Here is our first iteration of the syllabi for my courses this semester. We will alter and adjust them in class as required. Apologies for the format, there just are no longer enough hours in the day…
I trained first as a comparatist in Continental Philosophy and the European novel at The Catholic University of America. At the Europäische Universität für Interdisziplinäre Studien, I focused on contemporary philosophy and technology.
My recent work has revolved around the intersection of technology and play, with a particular focus on video games and synthetic worlds. I’m especially interested in the ways that games and simulations make political arguments, and how new technologies are challenging the long-standing place of games and play in Western culture.
My first computer was a CBM PET 2001, a 6502-based machine with 4k and a green phosphor monitor that featured Commodore BASIC, a programmable operating system designed by Bill Gates of the start-up “Micro-Soft Corporation.” The PET stored data on a cassette tape.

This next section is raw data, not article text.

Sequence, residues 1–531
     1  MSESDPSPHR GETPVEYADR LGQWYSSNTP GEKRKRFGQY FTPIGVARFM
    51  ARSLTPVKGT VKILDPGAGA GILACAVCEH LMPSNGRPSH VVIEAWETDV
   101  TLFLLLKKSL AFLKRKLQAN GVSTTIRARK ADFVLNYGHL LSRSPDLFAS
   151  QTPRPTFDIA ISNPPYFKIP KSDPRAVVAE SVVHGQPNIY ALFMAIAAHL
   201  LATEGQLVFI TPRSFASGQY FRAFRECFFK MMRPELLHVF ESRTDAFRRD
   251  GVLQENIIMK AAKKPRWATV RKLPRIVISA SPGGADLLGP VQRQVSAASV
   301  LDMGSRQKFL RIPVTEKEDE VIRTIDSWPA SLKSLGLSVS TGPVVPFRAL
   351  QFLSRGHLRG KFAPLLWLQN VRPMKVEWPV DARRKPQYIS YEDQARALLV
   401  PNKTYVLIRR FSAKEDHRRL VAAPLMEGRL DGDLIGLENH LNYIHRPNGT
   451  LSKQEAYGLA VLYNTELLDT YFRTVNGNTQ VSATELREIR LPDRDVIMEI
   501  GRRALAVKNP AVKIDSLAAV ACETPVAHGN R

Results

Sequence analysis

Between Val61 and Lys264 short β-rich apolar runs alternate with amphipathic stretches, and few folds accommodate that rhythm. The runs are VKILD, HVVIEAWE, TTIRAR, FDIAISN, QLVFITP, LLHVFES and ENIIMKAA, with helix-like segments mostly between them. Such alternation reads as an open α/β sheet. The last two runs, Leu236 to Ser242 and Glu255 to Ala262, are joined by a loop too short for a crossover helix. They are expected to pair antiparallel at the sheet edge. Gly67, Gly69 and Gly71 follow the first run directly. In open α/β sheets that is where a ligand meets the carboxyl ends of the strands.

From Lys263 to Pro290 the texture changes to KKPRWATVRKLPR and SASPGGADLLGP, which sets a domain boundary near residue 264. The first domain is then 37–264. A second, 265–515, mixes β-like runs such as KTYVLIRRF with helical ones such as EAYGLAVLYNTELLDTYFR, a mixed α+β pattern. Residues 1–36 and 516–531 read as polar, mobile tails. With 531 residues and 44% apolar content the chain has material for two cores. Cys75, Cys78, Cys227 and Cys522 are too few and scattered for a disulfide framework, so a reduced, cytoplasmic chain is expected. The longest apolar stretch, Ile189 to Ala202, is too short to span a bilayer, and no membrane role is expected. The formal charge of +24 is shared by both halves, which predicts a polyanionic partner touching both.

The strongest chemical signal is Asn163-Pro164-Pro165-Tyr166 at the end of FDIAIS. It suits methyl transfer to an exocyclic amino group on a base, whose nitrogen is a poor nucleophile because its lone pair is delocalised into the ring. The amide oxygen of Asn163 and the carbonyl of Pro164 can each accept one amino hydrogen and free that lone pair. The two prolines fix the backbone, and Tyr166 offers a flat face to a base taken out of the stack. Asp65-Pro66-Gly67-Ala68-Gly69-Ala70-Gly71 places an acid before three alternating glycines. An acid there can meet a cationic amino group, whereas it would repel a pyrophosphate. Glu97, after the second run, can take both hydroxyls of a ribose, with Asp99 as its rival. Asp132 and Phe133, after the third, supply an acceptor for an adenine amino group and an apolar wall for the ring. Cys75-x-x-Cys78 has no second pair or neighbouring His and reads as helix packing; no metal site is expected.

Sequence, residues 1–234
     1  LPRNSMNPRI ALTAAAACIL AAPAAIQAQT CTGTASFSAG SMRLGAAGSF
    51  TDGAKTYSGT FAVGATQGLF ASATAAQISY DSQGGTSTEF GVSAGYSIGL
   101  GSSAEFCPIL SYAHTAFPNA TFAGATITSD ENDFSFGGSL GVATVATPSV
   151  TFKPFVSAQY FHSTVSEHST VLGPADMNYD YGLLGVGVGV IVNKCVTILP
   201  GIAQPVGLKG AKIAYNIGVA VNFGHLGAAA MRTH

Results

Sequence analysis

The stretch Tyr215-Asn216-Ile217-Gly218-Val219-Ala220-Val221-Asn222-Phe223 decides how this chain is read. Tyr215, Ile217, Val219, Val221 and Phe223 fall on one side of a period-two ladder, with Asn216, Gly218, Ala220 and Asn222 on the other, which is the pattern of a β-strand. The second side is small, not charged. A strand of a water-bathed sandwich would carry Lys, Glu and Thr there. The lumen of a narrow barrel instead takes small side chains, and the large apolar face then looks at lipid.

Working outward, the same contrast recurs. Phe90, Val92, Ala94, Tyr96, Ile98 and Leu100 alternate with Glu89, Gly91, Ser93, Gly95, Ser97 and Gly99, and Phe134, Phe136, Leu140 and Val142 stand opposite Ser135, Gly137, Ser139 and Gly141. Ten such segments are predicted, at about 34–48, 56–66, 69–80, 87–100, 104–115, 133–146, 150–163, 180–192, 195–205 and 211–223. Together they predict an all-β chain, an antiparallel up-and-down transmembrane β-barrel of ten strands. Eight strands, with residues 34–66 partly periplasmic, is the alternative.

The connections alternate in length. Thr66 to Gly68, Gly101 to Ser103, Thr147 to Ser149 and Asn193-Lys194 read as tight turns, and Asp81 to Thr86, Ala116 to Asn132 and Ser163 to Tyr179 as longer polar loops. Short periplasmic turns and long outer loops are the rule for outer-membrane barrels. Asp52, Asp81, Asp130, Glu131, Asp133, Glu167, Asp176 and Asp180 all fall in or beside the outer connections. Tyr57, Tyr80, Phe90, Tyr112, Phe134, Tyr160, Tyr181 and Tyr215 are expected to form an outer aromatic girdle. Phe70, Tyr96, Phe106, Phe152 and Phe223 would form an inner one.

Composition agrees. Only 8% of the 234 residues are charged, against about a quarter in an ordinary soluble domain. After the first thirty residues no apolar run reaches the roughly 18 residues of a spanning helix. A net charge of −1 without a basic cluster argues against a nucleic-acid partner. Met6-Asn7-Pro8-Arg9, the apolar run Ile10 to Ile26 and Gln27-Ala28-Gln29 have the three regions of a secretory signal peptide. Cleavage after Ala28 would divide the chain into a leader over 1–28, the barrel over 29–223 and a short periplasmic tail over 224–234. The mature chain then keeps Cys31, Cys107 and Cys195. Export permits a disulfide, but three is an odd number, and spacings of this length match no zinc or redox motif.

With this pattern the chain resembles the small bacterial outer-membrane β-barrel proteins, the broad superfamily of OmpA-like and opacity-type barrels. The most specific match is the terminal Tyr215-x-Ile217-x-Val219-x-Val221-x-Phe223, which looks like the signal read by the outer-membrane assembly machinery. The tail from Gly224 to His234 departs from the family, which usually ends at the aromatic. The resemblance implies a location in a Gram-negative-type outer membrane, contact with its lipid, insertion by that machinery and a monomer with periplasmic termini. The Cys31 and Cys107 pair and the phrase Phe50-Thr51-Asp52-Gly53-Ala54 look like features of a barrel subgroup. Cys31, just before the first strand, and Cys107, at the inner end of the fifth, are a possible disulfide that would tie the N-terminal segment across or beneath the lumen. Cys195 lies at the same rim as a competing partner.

Around this same time, my parents gave my brother and me a Bally Professional Arcade. Designed to compete with the Atari VCS, the Bally was amazing. Powered by a Zilog Z80, the 4k console featured a 24-key keypad, like that of a cellphone, built into the unit. With the addition of the Bally BASIC programming cartridge (based on Palo Alto Tiny BASIC), the game console became a fully-functional computer. The difficulty? That cellphone keypad was the only way to type. So to type the letter “A,” you pressed “RED” + “1.” The letter “B” was “BLUE” + “1,” and so forth. It made for a long afternoon.